uad leaders at the Tokyo summit are set to launch a range of initiatives, including a maritime security partnership, that will allow the member countries to monitor illegal fishing, track “dark shipping” and other tactical-level activities. “The benefit of this maritime initiative will allow tracking of dark shipping and other tactical-level activities, such as rendezvous at sea, as well as improve partners’ ability to respond to climate and humanitarian events and to protect their fisheries, which are vital to many Indo-Pacific economies,” said the White House in a media statement on the sidelines of Quad Summit.
Notably, “dark ships” are vessels with their Automatic Identification System (AIS) – a transponder system – switched off so as not to be detectable. This crucial maritime pact between the Quad member countries will enhance the security apparatus of the Indo-Pacific region. The maritime initiative Indo-Pacific Partnership for Maritime Domain Awareness (IPMDA) will offer a near-real-time, integrated, and cost-effective maritime domain awareness picture, added the White House in the statement.
This initiative will transform the ability of partners in the Pacific Islands, Southeast Asia, and the Indian Ocean region to fully monitor the waters on their shores and, in turn, to uphold a free and open Indo-Pacific. Quad countries are committed to contributing to the region’s maritime domain awareness — a fundamental requirement for peace, stability, and prosperity — through investment in IPMDA over five years, stated the White House in the statement.
The partnership will innovate upon existing maritime domain awareness efforts, rapidly bringing emerging technologies to bear for the greater good of the Indo-Pacific community. IPMDA will build a faster, wider, and more accurate maritime picture of near-real-time activities in partners’ waters. This common operating picture will integrate three critical regions — the Pacific Islands, Southeast Asia, and the Indian Ocean region — in the Indo-Pacific.
Moreover, the Quad is committed to maintaining its global leadership in responding to the COVID-19 pandemic and bolstering global health security. “The United States will provide COVID-19 boosters and pediatric doses to countries of greatest need, including in the Indo-Pacific. The Biological E Ltd facility in India will continue to use expanded vaccine-manufacturing capacity as part of the Quad Vaccine Partnership,” added the White House in the statement.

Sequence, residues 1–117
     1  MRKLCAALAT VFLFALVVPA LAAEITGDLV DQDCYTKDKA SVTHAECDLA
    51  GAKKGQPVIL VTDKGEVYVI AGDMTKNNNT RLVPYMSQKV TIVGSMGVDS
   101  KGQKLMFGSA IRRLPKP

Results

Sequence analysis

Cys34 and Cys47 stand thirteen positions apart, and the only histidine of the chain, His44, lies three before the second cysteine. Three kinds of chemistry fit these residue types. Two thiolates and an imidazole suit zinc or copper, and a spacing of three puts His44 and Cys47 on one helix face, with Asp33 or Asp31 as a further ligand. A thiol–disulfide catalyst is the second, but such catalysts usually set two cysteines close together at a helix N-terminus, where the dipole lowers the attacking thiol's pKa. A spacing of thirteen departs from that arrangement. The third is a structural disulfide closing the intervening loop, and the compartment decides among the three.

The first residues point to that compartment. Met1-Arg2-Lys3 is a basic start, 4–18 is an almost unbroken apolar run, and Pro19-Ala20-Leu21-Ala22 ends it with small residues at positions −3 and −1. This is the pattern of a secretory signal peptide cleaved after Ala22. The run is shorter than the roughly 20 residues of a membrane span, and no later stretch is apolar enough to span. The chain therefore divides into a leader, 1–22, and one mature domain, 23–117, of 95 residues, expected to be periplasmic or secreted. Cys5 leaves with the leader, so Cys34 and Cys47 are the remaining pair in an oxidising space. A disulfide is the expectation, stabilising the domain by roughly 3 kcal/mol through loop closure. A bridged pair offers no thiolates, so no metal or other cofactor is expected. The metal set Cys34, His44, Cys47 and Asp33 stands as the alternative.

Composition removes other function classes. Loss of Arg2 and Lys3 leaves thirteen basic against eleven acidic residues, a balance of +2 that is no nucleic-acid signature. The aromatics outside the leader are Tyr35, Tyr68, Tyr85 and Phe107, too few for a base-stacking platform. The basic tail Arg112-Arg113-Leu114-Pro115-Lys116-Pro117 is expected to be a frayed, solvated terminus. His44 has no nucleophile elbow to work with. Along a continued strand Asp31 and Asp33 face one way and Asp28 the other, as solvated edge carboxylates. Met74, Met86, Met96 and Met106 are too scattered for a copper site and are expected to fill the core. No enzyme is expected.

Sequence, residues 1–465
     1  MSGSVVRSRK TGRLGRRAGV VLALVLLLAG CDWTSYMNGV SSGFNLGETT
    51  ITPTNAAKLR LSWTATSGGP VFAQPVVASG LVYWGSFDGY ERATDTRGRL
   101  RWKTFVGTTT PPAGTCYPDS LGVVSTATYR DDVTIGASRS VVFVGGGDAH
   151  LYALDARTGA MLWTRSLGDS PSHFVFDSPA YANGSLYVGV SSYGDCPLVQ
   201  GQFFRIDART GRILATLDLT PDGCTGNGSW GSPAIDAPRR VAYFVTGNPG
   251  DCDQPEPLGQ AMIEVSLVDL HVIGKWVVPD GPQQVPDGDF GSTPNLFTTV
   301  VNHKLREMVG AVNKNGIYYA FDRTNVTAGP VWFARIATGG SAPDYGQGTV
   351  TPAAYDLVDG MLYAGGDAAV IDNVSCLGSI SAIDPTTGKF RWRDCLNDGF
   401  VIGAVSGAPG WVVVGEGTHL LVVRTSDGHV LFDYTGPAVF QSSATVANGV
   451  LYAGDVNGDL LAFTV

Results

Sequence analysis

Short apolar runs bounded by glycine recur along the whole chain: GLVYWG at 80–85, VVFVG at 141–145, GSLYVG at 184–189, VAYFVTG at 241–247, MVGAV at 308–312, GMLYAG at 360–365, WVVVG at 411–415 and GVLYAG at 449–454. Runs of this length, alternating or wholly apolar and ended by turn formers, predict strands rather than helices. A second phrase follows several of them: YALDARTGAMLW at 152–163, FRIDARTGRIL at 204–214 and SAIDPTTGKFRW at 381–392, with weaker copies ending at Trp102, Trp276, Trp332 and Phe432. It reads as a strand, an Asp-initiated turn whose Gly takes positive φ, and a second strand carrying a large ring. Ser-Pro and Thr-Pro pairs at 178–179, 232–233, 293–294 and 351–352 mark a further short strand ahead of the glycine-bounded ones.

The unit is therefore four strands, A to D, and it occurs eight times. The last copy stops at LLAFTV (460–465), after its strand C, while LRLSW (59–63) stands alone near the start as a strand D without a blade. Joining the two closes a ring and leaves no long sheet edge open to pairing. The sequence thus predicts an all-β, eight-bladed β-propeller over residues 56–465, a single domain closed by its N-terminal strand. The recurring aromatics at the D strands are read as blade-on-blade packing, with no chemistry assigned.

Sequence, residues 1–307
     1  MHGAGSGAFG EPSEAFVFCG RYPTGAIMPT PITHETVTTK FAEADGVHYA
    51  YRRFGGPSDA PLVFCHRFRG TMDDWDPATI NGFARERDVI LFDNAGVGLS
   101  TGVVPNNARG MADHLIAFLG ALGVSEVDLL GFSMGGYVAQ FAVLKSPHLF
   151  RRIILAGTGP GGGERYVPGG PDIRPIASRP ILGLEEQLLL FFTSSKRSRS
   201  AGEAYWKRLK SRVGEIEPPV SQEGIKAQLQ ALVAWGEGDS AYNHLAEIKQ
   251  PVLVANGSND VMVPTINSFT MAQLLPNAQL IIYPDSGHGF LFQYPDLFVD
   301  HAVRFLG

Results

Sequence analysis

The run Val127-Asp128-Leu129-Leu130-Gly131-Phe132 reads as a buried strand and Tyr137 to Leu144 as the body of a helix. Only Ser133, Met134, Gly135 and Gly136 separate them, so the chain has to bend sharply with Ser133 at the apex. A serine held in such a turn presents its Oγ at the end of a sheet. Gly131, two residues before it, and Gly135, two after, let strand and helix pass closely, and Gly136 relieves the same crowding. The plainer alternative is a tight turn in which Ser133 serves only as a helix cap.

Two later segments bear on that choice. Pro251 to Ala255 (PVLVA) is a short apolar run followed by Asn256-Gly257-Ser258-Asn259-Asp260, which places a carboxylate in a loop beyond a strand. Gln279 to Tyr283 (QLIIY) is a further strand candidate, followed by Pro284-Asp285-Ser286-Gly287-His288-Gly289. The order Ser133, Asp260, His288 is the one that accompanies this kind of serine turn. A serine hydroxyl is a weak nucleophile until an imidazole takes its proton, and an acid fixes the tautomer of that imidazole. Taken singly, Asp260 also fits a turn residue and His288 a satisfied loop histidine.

The Japan Bank for International Cooperation (JBIC) and EXIM India decided to support a USD USD 100 million facilities, which will bolster the Indian health care sector, including global capacity for COVID-19 countermeasures. Quad leaders will also launch the Quad Fellowship, which will sponsor 100 American, Australian, Indian, and Japanese students to study in the United States each year for graduate degrees in science, technology, engineering, and mathematics (STEM) fields.
The four Quad countries have meaningfully deepened and regularized cooperation in meeting the climate crisis. The Quad leaders will launch further efforts on green shipping, energy supply chains, disaster risk reduction, and the exchange of climate information services. Member countries are also committed to responsible innovation in critical and emerging technologies. Since launching the Critical and Emerging Technologies Working Group at the first-ever leader-level summit of the Quad, in March 2021, Quad partners have mapped collective capacity and vulnerabilities in global semiconductor supply chains and launched the Common Statement of Principles on Critical Technology Supply Chains, which will provide a cooperative foundation for enhancing supply-chain resilience in the region.
At the same time, Quad partners are exploring ways to collaborate on the deployment of open and secure telecommunications technologies in the region. The Quad also seeks to build resilience across our four countries in response to cybersecurity vulnerabilities and cyber threats with the QUAD Cybersecurity Partnership.
Its areas of focus are critical-infrastructure protection, led by Australia; supply-chain resilience and security, led by India; workforce development and talent, led by Japan; and software security standards, led by the United States. “As leaders in space, Quad countries are strengthening cooperation and pooling our collective expertise to exchange satellite data, enable capacity-building, and consult on norms and guidelines,” added the White House in its statement.
To help meet the Indo-Pacific’s enormous infrastructure needs, Quad leaders launched the Quad Infrastructure Coordination Group, which will deepen collaboration and pursue complementary actions, including in digital connectivity, transportation infrastructure, clean energy and climate resilience. The Quad was forged in the wake of the 2004 Indian Ocean Tsunami. In recognition of that history and of present-day threats, the Quad established a new humanitarian assistance and disaster relief (HADR) mechanism.
The meeting of Quadrilateral Dialogue (Quad) kicked off in Tokyo on Tuesday to review the progress made by the four-member countries. The Summit in Tokyo is the fourth interaction of Quad Leaders since their first virtual meeting in March 2021, in-person Summit in Washington D.C. in September 2021, and virtual meeting in March 2022. The Quad cooperation is anchored in the shared values of democracy, international law, and rules-based international order and a vision for a free, open, and inclusive Indo-Pacific.